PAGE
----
September 25, 2008
Included below for your information is the latest exchange between TransCanada and the Lubicons. Despite Eric Mohun's slippery public relations assurances of TransCanada's supposedly sincere interest in meeting with the Lubicons and arriving at a "mutually acceptable decision that will be in accordance with Lubicon interests", TransCanada appears to be proceeding apace towards a confrontation with the Lubicons on the ground.
Earlier this month Chief Ominayak received a letter from a man named Barrie Shibley, VP of Sales and Marketing for a company called "Aramark Remote Services". While Mr. Shipley's use of language is less than precise, his intent seems clear. Mr. Shipley's letter reads, in part:
"This letter is to advise you and the Lubicon Lake Indian Nation that ARAMARK Remote Services will be providing camp and catering services for up to 600 workers of TransCanada Pipeline at the NCC Northstar project...
"We have attempted five times to arrange meetings with your offices since August 29 but have not received any response. If you wish to discuss our services, economic benefits or employment opportunities we offer your community, please to not hesitate to call me...
"At this time, we consider our obligation to inform you of our work in this area to be fulfilled but remain hopeful that we will be able to work with you in determining how we can benefit your community."
August 29 is of course a few weeks ago. Given the tone and tenor of Mr. Shipley's letter, it seems likely that commencement of pipeline construction is imminent. That fits with the construction schedule TransCanada has made clear it intends to meet whether the Lubicons agree or not.
What TransCanada and its proxy Aramark both seem to be offering the Lubicons is jobs working on the pipeline. Neither seem prepared to take Lubicon land rights into account; nor Lubicon health, safety, wildlife and environmental concerns.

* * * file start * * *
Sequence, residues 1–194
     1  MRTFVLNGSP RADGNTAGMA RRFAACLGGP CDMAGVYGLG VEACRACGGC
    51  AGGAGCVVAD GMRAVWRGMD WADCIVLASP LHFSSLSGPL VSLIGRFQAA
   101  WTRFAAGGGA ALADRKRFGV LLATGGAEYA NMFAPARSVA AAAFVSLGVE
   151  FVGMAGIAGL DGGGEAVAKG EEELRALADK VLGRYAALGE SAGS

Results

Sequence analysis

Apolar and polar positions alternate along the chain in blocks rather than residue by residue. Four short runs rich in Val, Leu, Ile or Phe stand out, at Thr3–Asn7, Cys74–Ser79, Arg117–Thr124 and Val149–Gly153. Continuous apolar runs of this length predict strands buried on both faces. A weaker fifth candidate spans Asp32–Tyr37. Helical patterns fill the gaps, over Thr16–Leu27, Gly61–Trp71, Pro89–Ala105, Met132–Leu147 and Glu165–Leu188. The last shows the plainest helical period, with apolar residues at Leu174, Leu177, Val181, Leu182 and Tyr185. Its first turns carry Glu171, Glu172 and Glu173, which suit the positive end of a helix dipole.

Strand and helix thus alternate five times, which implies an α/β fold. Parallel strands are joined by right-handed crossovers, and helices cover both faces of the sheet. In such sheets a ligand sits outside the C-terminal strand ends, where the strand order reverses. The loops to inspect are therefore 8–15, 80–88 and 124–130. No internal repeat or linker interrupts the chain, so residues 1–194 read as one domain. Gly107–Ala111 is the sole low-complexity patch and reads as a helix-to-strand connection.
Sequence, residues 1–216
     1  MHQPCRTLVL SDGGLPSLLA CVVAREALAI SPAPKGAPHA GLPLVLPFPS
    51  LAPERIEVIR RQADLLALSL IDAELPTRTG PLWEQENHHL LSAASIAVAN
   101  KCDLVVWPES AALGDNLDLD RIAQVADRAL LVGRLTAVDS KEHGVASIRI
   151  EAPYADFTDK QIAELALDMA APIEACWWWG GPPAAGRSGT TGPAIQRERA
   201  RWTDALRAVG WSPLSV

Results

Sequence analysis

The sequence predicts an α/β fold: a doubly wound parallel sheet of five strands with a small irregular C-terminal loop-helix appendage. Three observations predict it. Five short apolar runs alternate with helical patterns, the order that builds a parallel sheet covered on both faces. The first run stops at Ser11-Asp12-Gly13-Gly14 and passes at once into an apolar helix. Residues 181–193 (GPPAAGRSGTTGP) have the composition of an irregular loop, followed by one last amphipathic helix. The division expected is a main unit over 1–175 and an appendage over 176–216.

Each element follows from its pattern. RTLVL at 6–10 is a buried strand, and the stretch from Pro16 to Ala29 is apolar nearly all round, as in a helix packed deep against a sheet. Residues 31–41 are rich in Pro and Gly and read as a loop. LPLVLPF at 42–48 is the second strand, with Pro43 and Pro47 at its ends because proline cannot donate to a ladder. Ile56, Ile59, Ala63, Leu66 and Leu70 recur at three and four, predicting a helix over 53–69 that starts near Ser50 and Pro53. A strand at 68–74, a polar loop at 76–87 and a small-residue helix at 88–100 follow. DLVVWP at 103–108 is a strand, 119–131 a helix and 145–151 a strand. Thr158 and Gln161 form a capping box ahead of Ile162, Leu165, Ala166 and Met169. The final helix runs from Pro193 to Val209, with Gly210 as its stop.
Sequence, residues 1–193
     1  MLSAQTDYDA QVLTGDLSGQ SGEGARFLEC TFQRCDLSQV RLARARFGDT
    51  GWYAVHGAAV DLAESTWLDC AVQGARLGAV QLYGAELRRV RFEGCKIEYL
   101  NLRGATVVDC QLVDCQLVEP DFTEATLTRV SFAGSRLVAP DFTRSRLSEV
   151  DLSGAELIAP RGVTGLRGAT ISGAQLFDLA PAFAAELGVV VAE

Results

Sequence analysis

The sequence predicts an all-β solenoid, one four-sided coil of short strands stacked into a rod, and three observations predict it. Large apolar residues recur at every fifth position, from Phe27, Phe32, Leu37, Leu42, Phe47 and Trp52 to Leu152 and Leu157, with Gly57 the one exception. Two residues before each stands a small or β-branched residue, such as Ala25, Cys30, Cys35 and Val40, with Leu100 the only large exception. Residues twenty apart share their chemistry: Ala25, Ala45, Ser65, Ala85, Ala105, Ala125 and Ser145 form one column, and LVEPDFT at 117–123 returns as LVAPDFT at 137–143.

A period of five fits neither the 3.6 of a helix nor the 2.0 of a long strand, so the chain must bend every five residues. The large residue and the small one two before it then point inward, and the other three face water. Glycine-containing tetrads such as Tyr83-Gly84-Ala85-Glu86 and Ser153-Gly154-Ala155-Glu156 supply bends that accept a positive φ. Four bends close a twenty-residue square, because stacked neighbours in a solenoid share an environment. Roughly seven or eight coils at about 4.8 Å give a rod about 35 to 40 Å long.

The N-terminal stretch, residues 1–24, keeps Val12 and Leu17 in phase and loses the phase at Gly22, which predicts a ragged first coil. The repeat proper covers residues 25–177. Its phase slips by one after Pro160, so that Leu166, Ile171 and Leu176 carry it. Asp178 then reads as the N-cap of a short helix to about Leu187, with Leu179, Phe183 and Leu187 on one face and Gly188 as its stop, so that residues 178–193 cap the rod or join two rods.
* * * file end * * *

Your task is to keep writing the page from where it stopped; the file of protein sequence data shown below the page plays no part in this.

Chief Ominayak advises that he intends to tell Mr. Shipley that TransCanada will not be allowed to build the proposed pipeline across Lubicon land unless TransCanada agrees to respect Lubicon land rights, answer Lubicon questions and take Lubicon concerns into account.
A confrontation on the ground thus seems unavoidable.
August 28, 2008
TransCanada PipeLines Tower
450 - 1st Street S.W.
Calgary, Alberta, Canada T2P 5H1
Lubicon Lake Indian Nation
8228 - 186 Street
Attention: Chief Bernard Ominayak
RE: Proposed North Central Corridor Pipeline Project
As you are aware, TransCanada is in receipt of a letter from Sister Mary Jeanne Davidson, which communicates your position on the possibility of dialogue between TransCanada and the Lubicon Nation, which is reliant on the condition that "TransCanada recognizes and respects Lubicon Land".
Therefore, TransCanada would like to clearly state that the company recognizes and respects Lubicon Land, and with this recognition, we are sincerely interested in meeting with Chief and Council, hear of the issues and needs of the community and to arrive at a mutually acceptable decision that will be in accordance with Lubicon Nation interests.